Treating sleep apnea in cardiac patients reduces hospital readmission

A study of hospitalized cardiac patients is the first to show that effective treatment with positive airway pressure therapy reduces 30-day hospital readmission rates and emergency department visits in patients with both heart disease and sleep apnea. The results underscore the importance of the “Stop the Snore” campaign of the National Healthy Sleep Awareness Project, a collaboration between the Centers for Disease Control and Prevention, American Academy of Sleep Medicine, Sleep Research Society and other partners.

Results show that none of the cardiac patients with sleep apnea who had adequate adherence to PAP therapy were readmitted to the hospital or visited the emergency department for a heart problem within 30 days from discharge. In contrast, hospital readmission or emergency department visits occurred in 30 percent of cardiac patients with sleep apnea who had partial PAP use and 29 percent who did not use PAP therapy.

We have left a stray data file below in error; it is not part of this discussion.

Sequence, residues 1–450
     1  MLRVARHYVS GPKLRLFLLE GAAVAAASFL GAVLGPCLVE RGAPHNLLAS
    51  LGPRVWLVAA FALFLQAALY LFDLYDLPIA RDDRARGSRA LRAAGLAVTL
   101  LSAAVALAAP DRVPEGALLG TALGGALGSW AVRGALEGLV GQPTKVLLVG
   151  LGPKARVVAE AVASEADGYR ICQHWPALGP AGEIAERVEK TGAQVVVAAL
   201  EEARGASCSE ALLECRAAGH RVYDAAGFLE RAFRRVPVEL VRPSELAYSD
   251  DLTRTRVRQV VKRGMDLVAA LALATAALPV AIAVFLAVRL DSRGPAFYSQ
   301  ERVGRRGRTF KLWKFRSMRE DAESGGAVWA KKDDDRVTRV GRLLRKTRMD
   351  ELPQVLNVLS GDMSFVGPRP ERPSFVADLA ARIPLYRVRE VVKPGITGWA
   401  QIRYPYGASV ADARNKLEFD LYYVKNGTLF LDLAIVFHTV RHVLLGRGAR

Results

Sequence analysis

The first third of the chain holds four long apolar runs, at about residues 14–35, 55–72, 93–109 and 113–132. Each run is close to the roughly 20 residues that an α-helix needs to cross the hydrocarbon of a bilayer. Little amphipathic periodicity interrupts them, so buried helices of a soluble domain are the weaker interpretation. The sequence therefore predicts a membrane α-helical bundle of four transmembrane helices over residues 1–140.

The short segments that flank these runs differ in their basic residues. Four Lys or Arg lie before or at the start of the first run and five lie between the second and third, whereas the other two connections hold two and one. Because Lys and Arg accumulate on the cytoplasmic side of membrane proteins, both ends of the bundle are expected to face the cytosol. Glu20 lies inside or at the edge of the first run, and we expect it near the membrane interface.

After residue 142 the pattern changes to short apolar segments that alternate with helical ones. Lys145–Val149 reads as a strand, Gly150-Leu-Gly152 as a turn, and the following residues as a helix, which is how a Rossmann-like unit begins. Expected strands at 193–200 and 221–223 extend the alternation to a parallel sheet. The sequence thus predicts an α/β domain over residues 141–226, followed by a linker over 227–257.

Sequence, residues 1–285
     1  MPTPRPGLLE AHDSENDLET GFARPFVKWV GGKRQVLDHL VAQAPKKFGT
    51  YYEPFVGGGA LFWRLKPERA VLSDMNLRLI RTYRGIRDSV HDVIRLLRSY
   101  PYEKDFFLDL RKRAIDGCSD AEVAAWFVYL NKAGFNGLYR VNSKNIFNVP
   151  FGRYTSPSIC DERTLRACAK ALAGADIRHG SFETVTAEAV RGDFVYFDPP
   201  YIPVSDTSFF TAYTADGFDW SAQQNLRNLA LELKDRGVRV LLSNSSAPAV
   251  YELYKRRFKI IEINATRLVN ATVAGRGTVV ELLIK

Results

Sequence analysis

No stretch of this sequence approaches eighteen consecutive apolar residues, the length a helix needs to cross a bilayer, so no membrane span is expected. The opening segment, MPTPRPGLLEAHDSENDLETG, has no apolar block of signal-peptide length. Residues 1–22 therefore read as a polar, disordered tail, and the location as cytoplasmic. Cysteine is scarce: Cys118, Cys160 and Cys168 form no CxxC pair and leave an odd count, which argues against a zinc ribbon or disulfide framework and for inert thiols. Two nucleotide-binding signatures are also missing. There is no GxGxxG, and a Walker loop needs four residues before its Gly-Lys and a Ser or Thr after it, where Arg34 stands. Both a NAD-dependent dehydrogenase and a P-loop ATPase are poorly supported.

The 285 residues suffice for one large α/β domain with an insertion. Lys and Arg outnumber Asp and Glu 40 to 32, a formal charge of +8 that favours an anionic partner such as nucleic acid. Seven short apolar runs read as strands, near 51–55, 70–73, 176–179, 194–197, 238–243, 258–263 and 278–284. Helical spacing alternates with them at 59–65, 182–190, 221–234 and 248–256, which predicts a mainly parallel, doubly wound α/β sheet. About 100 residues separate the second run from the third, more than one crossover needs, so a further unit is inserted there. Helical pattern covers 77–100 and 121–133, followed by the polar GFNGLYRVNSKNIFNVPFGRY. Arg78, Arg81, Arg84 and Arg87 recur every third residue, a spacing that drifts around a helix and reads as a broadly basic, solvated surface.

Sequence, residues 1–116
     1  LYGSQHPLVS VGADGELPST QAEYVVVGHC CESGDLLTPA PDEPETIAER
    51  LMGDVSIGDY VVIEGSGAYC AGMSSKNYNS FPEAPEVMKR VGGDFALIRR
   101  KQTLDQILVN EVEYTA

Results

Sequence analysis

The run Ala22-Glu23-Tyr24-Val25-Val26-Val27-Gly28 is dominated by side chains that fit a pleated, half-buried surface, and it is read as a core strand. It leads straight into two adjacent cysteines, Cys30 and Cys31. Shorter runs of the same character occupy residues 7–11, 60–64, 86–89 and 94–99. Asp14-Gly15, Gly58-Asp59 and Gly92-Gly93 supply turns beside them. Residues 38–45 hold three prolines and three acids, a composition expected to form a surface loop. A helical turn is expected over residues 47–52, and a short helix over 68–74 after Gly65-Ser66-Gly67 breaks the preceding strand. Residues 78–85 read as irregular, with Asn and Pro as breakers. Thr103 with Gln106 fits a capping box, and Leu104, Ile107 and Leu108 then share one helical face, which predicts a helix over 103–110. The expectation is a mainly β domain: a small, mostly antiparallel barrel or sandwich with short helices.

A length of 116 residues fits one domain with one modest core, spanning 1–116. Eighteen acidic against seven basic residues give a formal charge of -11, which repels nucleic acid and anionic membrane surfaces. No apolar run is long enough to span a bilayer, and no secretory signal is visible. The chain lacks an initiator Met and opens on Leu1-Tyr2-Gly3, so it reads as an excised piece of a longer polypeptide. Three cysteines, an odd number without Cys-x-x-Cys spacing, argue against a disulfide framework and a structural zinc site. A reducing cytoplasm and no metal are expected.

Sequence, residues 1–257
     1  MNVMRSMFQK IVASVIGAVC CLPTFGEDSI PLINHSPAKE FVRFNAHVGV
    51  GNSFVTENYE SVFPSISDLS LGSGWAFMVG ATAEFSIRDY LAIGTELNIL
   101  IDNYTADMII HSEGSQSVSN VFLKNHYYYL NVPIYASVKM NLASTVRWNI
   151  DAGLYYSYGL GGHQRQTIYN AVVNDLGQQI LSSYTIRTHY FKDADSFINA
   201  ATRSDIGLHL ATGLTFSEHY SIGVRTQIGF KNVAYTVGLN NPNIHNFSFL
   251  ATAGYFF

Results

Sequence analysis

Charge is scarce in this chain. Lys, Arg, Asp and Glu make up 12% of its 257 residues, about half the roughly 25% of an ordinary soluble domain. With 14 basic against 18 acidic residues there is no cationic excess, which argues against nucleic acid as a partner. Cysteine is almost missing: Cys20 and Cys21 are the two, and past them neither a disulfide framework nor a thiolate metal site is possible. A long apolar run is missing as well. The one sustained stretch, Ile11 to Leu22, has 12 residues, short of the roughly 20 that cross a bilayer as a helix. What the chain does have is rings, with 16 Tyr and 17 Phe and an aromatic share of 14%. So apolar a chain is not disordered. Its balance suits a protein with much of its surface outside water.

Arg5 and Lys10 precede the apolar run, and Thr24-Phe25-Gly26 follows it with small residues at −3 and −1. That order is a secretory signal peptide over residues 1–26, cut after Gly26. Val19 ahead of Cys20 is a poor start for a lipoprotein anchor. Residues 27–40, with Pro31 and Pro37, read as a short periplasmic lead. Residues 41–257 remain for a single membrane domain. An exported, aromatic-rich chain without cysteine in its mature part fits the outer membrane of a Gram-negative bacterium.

Journal Reference:
  1. Shilpa R. Kauta, Brendan T. Keenan, Lee Goldberg, Richard J. Schwab. Diagnosis and Treatment of Sleep Disordered Breathing in Hospitalized Cardiac Patients: A Reduction in 30-Day Hospital Readmission Rates. Journal of Clinical Sleep Medicine, 2014; DOI: 10.5664/jcsm.4096

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